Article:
New police commissioner encouraging signal
Monster job for a monster problem
The newly appointed Police Commissioner’s vision for policing in Jamaica and vow to make the Jamaica Constabulary Force among the world’s best is favourable news to Jamaicans for Justice (JFJ) and the organisation wishes him and his administration sustained success in this crucial task.
“The appointment of Rear Admiral Hardley Lewin is an encouraging signpost in the course of policing and crime fighting in Jamaica,” stated JFJ executive director, Dr. Carolyn Gomes, following a press conference at the Commissioner’s office today. “We appreciate Commissioner Lewin’s candour and his recognising the urgency for an independent course towards institutional reform. We look forward to the leadership, confidence and breadth of experience he brings to the table and to his resolve in waging a united front against the pervasive and monstrous problem of crime and violence in Jamaica.”
The former JDF Chief of Staff outlined a five-point strategy to transforming policing and security in Jamaica where military force is lessoned and the political, commercial, civil and socio-economic and cultural spheres of society are engaged alongside law enforcement. He assumes his post at a critical juncture in the nation’s law enforcement history, facing one of the worst spates of gun violence and death on record. The identification on Wednesday of the four men killed in a police shooting in Westmoreland on the weekend, one of whom was a 14-year-old boy, brings to 259 the number dead this year following police actions. An additional 143 persons were shot and injured. The loss of life of 20 members of the police force is of equal cause for deep regret as are the deaths of over 1500 civilians.
Recent surges in the murder rate, the rate of police killings and the response of the police with increased civilian killings demonstrate clearly that habitual approaches to law enforcement in Jamaica simply do not work. Lewin has signed an anti-corruption plan for the JCF and was clear in articulating that police extra-judicial killings and engaging in any corrupt act “is unacceptable and will be dealt with ruthlessly and swiftly.”
“We need to regain public trust and will change the face and philosophy of policing where the community is served and protected, rights are respected and the rule of law is applied and enforced,” stated Lewin.
Jamaica’s crime and violence problems are not unique, but symptoms of a much greater problem. Social and economic inequity, political and judicial injustices and scant resources are endemic to many nations. International and local experience has shown that building higher walls and using rights-abrogating policing methods are ineffective and inefficient and result in an escalating spiral of violence, retribution, distrust and lawlessness. For Jamaica, this has left a beleaguered nation feeling traumatized and victimized.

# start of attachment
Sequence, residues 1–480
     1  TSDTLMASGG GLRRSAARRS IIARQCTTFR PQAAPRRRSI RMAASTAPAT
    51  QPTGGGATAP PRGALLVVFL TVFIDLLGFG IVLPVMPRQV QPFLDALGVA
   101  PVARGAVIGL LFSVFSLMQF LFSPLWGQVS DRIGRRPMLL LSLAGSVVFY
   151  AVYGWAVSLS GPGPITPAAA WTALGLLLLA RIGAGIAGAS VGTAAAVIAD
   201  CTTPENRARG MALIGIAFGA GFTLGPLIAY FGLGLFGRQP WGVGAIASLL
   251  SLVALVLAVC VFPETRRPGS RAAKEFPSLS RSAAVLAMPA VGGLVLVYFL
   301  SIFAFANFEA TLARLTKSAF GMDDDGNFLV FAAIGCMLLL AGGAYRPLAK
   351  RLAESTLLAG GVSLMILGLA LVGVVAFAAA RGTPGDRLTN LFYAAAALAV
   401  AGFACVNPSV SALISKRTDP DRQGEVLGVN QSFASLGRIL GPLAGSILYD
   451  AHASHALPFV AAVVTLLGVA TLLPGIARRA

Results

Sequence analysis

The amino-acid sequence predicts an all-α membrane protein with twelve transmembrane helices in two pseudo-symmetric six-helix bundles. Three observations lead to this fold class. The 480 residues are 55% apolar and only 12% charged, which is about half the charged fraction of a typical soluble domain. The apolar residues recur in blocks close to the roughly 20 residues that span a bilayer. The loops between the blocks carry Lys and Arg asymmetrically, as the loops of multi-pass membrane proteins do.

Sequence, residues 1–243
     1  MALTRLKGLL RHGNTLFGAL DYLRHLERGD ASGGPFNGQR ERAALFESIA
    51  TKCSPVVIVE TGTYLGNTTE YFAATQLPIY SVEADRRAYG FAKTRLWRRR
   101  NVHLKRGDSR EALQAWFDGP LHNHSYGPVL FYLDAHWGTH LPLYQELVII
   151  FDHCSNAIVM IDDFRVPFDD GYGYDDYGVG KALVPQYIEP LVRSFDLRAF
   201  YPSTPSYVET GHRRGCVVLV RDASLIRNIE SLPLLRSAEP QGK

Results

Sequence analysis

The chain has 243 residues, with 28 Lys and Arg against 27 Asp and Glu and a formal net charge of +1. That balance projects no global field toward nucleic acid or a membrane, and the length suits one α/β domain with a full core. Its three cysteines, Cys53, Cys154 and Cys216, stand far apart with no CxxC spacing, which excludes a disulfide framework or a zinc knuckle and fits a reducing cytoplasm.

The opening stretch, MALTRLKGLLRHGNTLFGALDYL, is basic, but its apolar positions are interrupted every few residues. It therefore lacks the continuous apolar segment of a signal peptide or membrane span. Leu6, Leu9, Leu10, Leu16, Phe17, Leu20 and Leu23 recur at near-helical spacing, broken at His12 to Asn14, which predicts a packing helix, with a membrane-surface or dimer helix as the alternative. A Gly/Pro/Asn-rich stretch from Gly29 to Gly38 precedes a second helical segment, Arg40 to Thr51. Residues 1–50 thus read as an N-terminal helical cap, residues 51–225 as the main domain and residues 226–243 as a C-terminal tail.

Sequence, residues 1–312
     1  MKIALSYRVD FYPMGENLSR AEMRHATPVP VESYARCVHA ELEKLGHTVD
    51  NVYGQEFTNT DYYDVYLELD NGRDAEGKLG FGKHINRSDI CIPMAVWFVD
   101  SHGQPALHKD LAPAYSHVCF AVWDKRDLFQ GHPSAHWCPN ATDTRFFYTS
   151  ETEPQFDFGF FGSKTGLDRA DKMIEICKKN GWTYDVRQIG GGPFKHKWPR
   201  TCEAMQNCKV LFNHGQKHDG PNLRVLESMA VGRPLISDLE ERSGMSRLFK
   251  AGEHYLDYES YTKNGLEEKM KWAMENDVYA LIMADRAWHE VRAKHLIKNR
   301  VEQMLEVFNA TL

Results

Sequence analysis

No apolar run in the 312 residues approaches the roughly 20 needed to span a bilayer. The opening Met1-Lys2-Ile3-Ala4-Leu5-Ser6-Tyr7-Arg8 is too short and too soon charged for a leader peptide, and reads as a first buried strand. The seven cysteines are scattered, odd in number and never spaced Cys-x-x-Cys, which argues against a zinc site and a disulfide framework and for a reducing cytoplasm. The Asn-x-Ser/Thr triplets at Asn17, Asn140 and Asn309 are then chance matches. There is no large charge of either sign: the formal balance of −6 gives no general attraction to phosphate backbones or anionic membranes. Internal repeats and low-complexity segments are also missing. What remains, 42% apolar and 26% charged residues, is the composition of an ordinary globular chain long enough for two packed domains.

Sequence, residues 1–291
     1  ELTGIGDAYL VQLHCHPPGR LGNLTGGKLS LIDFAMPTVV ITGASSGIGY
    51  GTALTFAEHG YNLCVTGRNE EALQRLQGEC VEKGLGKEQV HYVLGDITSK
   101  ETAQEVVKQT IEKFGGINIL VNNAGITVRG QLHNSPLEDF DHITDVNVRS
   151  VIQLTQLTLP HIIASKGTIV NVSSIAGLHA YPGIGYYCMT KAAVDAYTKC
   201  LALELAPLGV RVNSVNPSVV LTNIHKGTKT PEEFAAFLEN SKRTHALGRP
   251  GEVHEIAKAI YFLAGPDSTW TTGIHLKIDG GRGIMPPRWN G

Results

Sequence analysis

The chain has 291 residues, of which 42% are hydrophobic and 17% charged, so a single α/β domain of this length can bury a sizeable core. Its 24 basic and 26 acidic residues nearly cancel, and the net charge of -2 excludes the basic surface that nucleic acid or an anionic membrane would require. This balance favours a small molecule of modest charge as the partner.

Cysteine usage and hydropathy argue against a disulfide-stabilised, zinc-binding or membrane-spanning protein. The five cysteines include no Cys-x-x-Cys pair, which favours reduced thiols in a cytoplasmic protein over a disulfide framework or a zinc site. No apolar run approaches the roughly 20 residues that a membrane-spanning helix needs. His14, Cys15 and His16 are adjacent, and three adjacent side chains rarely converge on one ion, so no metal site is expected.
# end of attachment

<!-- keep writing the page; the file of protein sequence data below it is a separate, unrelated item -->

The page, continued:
“We need to counter the perception that things are so bad that we can’t do anything to change it. Change is never easy, but often necessary, and recognizing the urgency for a change in course in law enforcement is a step in the right direction, and his participation in the strategic review process is a welcome first and we will hold Commissioner accountable in this regard,” added Gomes.
JFJ recognizes the police as the critical first responder and chief purveyor of justice whose responsibility is the protection of Jamaican citizens. Jamaica is guided by a constitutional framework and policing in a democracy requires professional law enforcement that does not infringe on human rights. It also requires a national consensus among government, business and all levels of civil society to accept transformation and help to ensure the police are able to provide high levels of service delivery to the public.
Effective institutional reform of the JCF into the ‘Police Service of Jamaica’, including an audit of current functions, capacity and institutional structure, is one of three pillars of transformation the JFJ believes is tantamount to successfully effecting a productive course for law enforcement that unites, rather than divides, its citizens and police.
A properly resourced and independent investigative agency and strengthening accountability mechanisms of the police by fortifying the Police Services Commission are additional reform mechanisms recommended by JFJ for simultaneous implementation – recommendations that have been made from as far back as the 1994 Wolfe Report.
Rear Admiral Lewin’s commitment to all Jamaican citizens to protect the interests and rights of the long-suffering citizens of Jamaica is an astute and noble vision for improving public safety and critical for creating a peaceful and inviting country in which to live.
For further information:
Dr. Carolyn Gomes – 755-4524-6/382-8583